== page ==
Ohio State Buckeyes 10 Greatest NFL Draft Picks

Ohio State Buckeyes 10 Greatest NFL Draft Picks

Ohio State

Ohio State Buckeyes 10 Greatest NFL Draft Picks


Which Ohio State players turned out to be the best NFL draft picks? Who are the ten greatest selections in the school’s history?


Who are the ten best NFL draft picks of all-time to come from THE Ohio State University?

It’s not just about who the best pro prospects were, or even who had the best NFL careers. It’s about which former Buckeyes were the best draft picks for the teams that drafted them – or in some rare cases, were the top undrafted free agent gets.

It doesn’t really help an NFL team to take a player and then see him rock – or spend a key part of his career – doing big things for someone else – Cris Carter being OSU’s prime example, crushing it for Minnesota, not Philadelphia.

Dick LeBeau is in the Hall of Fame as a Detroit Lion – but he was cut in camp after being drafted by Cleveland. That’s a bad draft pick.

The offensive linemen were the stars over the years when it came to turning into tremendous pro players. The running backs were strong, and the linebackers were relatively solid. The problem? The defensive backs were stunningly okay, the defensive linemen were puzzlingly awful, and the quarterbacks? None of them were within 78 miles of making the top ten cut.

Compared to most schools, though, OSU has its share of Hall of Famers who were no-brainers, and a few who deserve to have a bust in Canton, but don’t.

In terms of longevity, value, and what they did for the teams that drafted them, the ten greatest Ohio State Buckeye NFL draft picks – at least so far – were …

10. OT Bob Vogel, Baltimore

1963, 1st round, 5th pick overall
Pick Before: G Ed Budde, Michigan State by Philadelphia
Pick After: GLB Lee Roy Jordan, Alabama by Dallas

The 6-5, 250-pound offensive tackle didn’t get into the Hall of Fame, but he was really close after a fantastic career as a star blocker for Mr. Unitas. The blindside protector was a five-time Pro Bowl selection and was named to the 1969 All-Pro team. However, how strong is Ohio State at cranking out pro linemen? Vogel doesn’t make the All-Ohio State Draft Team.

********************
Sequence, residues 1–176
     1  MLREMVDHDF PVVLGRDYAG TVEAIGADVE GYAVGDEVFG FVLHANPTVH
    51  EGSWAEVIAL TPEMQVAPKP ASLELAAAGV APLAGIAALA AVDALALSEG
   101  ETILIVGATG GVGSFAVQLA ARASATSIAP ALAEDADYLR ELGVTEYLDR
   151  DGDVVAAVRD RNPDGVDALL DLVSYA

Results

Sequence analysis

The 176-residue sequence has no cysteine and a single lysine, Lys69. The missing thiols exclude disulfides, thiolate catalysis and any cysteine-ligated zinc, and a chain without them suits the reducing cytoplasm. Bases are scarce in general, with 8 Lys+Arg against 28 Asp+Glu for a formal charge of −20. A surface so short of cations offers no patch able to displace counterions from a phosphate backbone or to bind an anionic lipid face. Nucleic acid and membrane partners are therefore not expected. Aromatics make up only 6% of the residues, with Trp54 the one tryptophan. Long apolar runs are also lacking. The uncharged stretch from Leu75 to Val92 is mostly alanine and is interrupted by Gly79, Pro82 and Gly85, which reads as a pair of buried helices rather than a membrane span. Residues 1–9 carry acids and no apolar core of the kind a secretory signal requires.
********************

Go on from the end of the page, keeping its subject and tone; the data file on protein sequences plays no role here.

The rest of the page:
9. WR Dante Lavelli, Cleveland

1946, 12th round, 103rd pick overall
Pick Before: C Jerry D’Arcy, Tulsa by Philadelphia
Pick After: LB Hardy Brown, Tulsa by New York Giants

Cleveland did just fine getting a Hall of Famer in the tenth round. For his time, he was a dangerous deep threat catching 386 passes for 6,488 yards and 62 touchdowns averaging close to 17 yards per grab during the fun era of Cleveland football. A key part of seven championship teams in his 11 year career, he went to three Pro Bowls.

8. C Nick Mangold, New York Jets

2006, 1st round, 29th pick overall
Pick Before: TE Marcedes Lewis, UCLA by Jacksonville
Pick After: RB Joseph Addai, LSU by Indianapolis

Yawwwwwwwn. It’s boring taking a center in the first round. However, Mangold turned out to be one of the best players in the 2006 draft, becoming the anchor of the line over his first ten years. A rock of a starter for 11 years, he went to seven Pro Bowls and was a two-time All-Pro – all for the Jets.

7. WR Paul Warfield, Cleveland

1964, 1st round, 11th pick overall
Pick Before: QB Paul Martha, Pitt by Pittsburgh
Pick After: HB Joe Don Looney, Oklahoma by New York Giants

Warfield would be much, much higher, but he went from being a great draft pick by Cleveland to a Hall of Fame talent with Miami. He earned two All-Pro nods as a Dolphin on a few historic teams, but he was hardly mediocre for the Browns going to three Pro Bowls and catching 271 passes averaging 19.2 yards per grab with 52 touchdowns in his eight-year Cleveland career.

6. OT Jim Tyrer, Dallas Texans*

1961, 3rd round, 22nd pick overall
Pick Before: T Tom Gilburg, Syracuse by Buffalo
Pick After: LB Marlin McKeever, USC by San Diego

The Dallas Texans turned into the Kansas City Chiefs, which is why Tyrer will always be known as one of the greatest blockers in KC history, despite being drafted by Dallas. It took a year to become a regular starter, and then he became Hall of Fame dominant – even though he’s not in yet. A 13-year star for the franchise, he was a key part of the historic Super Bowl IV champion earned All-Pro honors for six straight seasons and going to nine Pro Bowls.

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